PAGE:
Thank you also for disclosing your political outlook and understanding. Obama is a consensus-seeking, centrist-liberal politician, yet you label him “hyper-partisan.“ He’s supporting a tepid insurance industry reform, yet you call that “nationalizing health care.“ I prefer political discussions that are more firmly grounded in facts.

DWPittelli said...

1) Why do you keep asking me to condemn Bush's speech as you assert I did Obama's? I did nothing of the kind, as neither speech had anything worth condemning! That is because the goals for which the speeches sought help were the essentially nonpartisan ones of improving school performance. Where we disagree is on whether people were out of line before the speech, in questioning the lesson plan as they did, which was released with ambiguous language, and well before the text of the speech. (The snafu of a lesson plan probably reflected merely incompetent PR, at a lower level than I would blame Obama for.)

2) The House health care plan passed with only one Republican vote, hence "hyper-partisan" -- and at any rate, not reflecting any sort of consensus. The bill was also not popular, explaining why Pelosi gave 39 Congressmen "outs" lest it kill their reelection chances. Not many bills are so unpopular with independents or swing voters as to lead to such fears a full year before elections.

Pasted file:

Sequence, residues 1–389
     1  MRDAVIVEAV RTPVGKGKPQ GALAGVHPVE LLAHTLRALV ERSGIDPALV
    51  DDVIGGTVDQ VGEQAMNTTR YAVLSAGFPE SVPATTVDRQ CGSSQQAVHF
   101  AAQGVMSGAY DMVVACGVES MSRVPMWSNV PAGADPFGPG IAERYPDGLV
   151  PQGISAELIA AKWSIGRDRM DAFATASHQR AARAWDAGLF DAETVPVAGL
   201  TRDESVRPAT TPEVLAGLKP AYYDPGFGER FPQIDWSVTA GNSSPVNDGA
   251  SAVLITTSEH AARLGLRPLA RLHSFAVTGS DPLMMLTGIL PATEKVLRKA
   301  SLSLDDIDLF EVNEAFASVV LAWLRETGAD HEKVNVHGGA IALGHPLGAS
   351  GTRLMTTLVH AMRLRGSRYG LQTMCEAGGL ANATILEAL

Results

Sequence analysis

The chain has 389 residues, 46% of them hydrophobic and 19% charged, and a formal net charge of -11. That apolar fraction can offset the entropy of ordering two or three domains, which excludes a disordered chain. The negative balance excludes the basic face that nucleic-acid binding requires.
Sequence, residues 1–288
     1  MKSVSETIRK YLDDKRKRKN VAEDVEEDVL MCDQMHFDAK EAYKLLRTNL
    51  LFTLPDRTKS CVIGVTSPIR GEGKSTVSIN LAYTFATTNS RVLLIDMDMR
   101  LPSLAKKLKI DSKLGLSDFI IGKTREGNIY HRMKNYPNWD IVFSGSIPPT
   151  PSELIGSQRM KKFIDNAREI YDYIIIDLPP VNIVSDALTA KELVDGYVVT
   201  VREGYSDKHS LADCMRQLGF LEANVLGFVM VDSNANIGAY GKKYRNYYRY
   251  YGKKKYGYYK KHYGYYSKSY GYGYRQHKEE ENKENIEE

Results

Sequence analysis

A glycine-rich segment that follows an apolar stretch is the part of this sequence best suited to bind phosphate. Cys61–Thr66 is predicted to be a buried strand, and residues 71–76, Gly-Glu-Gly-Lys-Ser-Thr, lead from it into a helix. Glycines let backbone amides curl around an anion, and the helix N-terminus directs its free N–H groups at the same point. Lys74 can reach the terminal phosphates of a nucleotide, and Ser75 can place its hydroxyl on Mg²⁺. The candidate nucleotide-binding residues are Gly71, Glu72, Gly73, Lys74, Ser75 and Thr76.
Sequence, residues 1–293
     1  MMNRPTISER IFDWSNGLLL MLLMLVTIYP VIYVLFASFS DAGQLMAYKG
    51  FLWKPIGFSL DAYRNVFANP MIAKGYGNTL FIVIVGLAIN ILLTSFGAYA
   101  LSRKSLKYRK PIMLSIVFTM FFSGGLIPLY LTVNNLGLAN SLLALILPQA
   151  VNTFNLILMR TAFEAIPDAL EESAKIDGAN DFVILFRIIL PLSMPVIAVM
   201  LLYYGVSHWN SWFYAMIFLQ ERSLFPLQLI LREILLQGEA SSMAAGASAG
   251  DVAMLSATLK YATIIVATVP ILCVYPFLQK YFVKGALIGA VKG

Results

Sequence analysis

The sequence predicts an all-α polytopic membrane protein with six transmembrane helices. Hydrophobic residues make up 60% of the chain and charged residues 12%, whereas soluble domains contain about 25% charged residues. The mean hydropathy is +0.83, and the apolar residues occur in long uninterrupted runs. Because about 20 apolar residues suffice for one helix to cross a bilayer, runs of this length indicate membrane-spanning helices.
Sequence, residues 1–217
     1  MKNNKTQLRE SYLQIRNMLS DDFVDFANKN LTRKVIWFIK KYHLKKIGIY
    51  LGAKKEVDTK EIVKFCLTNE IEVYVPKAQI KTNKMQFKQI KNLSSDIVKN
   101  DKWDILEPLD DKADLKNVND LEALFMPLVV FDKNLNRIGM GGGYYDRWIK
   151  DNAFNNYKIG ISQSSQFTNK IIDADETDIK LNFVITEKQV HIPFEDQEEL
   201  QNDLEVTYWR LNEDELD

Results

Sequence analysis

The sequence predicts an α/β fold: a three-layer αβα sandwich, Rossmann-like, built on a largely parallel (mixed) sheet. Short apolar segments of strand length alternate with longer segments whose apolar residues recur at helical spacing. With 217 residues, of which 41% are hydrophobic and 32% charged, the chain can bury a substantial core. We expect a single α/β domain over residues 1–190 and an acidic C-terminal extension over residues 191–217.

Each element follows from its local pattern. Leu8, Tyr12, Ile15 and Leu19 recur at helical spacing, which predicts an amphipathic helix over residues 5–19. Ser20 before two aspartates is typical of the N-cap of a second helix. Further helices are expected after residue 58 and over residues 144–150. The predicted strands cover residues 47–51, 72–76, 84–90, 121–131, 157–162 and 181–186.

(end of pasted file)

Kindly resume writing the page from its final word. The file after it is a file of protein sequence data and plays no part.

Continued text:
3) The bill is indeed ambitious, is characterized as such (or "sweeping", etc.) by backers as well as opponents, and several Democratic leaders (including Barney Frank and then-Senator Obama) have admitted on videotape that the public option will lead to single-payer.

J. L. Bell said...

I didn’t ask you to condemn anything. I pointed out how you called a statement by someone in President Obama’s administration as “Orwellian” and a very similar statement by President George H. W. Bush as “innocuous.”

Obviously that inconsistency doesn’t bother you. But it shows that your claim to be reacting to the two administrations fairly and rationally is weak.

There is consistency between your 1991 accusations that Bush met with the Iranian hostage-keepers and your 2009 accusations that Obama has the “hyper-partisan immediate goal“ of “nationalizing health insurance.” Both show a level of irrational paranoia unencumbered by facts.

It’s clear that you want to complain about the health insurance reform bill now being debated. This is not the forum for that.